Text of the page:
Abu Dhabi, UAEFriday 26 April 2019

A new phase of Syria's war is upon us

It now falls to Arab states to curb the Iranian threat through diplomacy

Turkish-backed Syrian fighters at a position near the northern Syrian town of Manbij on December 28, 2018. Bakr Alkasem / AFP
Turkish-backed Syrian fighters at a position near the northern Syrian town of Manbij on December 28, 2018. Bakr Alkasem / AFP

The arrival of Syrian government forces in Manbij, at the behest of the Kurdish People's Protection Units (YPG), marks a striking turnaround in Syria’s years-long war.

As is customary in this bitter and complex conflict, there are several moving parts.

Turkey, which this year invaded Kurdish-held Afrin, has been amassing troops around the north Syrian city of Manbij to fight the US-backed YPG, which it considers to be a terrorist group. And US President Donald Trump’s decision to withdraw all 2,000 American troops from Syria this month has put the Kurdish militia – which fought bravely against ISIS – in the firing line of a Turkish administration that cares little about the pleas of its allies. With the robust support of Russia, the Syrian regime has been steadily advancing across the country, making Manbij the latest in a string of towns and cities where the Syrian flag flies once again after years of absence. With Russian-backed Syrian forces encircling Manbij, a Turkish invasion looks unlikely and, as the uprisings against president Bashar Al Assad fizzle out, the Kurds have acted pragmatically.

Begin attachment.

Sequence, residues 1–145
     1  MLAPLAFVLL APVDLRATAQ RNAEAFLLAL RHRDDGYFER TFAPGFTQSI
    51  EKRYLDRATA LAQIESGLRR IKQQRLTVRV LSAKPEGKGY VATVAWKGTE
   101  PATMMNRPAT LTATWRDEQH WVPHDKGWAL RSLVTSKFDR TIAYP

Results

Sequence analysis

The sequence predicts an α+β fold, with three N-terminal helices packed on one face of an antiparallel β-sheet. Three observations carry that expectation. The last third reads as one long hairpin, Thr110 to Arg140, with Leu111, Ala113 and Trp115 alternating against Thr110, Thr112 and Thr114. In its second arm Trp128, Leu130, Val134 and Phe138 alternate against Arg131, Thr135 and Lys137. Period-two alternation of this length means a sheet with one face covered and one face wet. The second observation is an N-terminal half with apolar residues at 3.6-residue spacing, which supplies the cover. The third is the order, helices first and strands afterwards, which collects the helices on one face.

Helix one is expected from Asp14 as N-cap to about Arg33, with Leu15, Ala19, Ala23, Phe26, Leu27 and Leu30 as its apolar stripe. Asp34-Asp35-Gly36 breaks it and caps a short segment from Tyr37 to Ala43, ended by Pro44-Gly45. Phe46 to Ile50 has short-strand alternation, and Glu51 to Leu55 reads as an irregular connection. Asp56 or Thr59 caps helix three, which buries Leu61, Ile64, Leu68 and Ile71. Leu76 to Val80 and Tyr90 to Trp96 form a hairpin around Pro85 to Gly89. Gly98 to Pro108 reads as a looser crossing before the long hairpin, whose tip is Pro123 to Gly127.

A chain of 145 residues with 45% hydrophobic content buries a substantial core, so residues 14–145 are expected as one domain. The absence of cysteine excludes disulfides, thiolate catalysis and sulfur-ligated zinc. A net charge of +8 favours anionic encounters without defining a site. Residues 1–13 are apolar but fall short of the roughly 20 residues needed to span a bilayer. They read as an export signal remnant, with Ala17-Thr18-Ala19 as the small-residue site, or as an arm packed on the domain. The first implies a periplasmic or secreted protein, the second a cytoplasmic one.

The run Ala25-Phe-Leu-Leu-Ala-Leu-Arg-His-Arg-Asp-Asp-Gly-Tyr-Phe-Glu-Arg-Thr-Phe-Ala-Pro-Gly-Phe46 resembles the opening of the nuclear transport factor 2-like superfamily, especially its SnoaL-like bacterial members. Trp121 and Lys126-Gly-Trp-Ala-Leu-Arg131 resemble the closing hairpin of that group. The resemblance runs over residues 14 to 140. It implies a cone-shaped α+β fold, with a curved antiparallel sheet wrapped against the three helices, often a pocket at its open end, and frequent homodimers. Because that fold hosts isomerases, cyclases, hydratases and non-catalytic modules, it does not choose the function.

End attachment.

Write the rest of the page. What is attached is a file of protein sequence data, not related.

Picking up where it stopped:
But this is no ordinary turn of events. It amounts to a US partner calling on an enemy of America to protect it from another US ally, Turkey.

The situation on the ground remains fluid, so long-term predictions carry little value. Nonetheless, with Mr Al Assad looking victorious, ISIS severely depleted, and the US withdrawing, a new era is under way in Syria’s war. It does not mark the beginning of the end, but rather the end of the beginning.

What is sure to follow is a struggle for the spoils of a nation scarred by conflict. Russia, to whom Mr Al Assad is grateful for his survival, will profit greatly. But with the Syrian president’s immediate role guaranteed, the world must rally to ensure Mr Al Assad does not curry favour with Tehran.

With American military and diplomatic influence waning, that task now falls to Arab states. That is why the UAE this week re-opened its embassy in Damascus – not to exculpate Mr Al Assad but to ensure Arab voices help to shape Syria’s future. That, too, is why the Arab League is considering re-admitting Damascus after expelling the country in 2011.

Meanwhile, daily life remains intolerable for millions of innocent Syrians. Fierce clashes between remaining ISIS militants and US-backed Syrian Democratic Forces last week left scores dead on both sides. And on Wednesday, an Israeli official confirmed a series of air strikes targeting Iranian assets, had their origins in Tel Aviv. The YPG and Manbij are early casualties of Mr Trump’s troop withdrawal.

As the Syrian regime’s power stretches over the scorched earth, where half a million have died, we have reached a pivotal moment. Mr Al Assad will be tolerated, but the Iranian threat cannot be. Curbing it diplomatically might now fall to those who Tehran’s activities endanger most in the Arab world.

Updated: December 29, 2018 05:59 PM

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